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post #6 of 21 Old 06-04-2015, 01:32 AM
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Id suggest you spend some time when you are selecting boards from the big box stores as nearly 80% of them will be warped, cupped or bowed. Start with good, straight and square lumber. As your skills increase, you will know what to do with rough lumber to make it usable.

I started with power tools and was solely focused on the end result, and getting there as soon as I could... I'm getting more hand tools now, as I'm starting to enjoy and savor the process of working the wood more and, not just the end result. Each past project has been a learning experience that has spawned or fed another project that is more challenging.

Subscribe to a few woodworking magazines... Fine woodworking has been a great source of knowledge and inspiration for me. Popular woodworking is another.
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post #7 of 21 Old 06-04-2015, 08:12 AM
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Tomex,
I read your post then I signed off. But, I signed back on to offer this advice. Take it for what it is worth. A good beginner project is building a pair of sawhorses. You don't need to go purchase high quality box store material. I tell guys to find free salvage material... old crating lumber or whatever, use your imagination (that is part of the exercise). Nail it, screw it or glue it together. No one is going to see it except you. Then once you have built those you can use them to make other things but it adds to your tools. Sawhorses are tools.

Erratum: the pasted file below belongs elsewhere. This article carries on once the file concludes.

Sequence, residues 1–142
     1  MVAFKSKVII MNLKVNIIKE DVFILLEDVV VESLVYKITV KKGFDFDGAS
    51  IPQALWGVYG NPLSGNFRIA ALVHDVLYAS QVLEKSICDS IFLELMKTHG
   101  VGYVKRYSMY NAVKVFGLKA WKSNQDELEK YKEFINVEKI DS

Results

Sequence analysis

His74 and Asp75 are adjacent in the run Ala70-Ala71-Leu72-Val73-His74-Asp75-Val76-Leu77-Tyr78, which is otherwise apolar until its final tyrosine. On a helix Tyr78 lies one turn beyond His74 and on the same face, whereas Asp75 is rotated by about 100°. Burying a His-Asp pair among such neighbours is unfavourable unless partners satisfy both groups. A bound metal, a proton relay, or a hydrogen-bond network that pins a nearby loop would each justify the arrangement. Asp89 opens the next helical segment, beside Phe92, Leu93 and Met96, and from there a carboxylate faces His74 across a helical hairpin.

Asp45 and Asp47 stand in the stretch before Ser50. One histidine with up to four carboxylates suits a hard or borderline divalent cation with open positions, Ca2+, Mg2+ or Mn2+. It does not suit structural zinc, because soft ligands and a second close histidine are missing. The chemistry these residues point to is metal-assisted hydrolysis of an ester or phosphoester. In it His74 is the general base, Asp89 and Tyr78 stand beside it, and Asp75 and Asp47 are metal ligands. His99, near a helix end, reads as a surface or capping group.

And if you find in a few months, "gosh those are lousy sawhorses, I can do better, then build another set and disassemble the first set." Remember, you are only building a tool for your use.
There are many Youtube videos on building sawhorses, find one you like. Yes, you will need to build the first set on the ground. That is why your building the sawhorses so you have somewhere to work. Workbench comes later..don't worry.

Good luck and think safety.

Marty
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post #8 of 21 Old 06-04-2015, 08:26 AM
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Quote:
Originally Posted by Tomex View Post